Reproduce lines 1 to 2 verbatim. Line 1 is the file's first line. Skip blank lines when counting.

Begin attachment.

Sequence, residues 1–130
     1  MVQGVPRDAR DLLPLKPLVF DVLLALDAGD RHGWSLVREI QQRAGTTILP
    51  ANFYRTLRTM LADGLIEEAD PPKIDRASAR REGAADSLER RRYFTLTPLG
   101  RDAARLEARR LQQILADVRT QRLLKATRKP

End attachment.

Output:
Sequence, residues 1–130
     1  MVQGVPRDAR DLLPLKPLVF DVLLALDAGD RHGWSLVREI QQRAGTTILP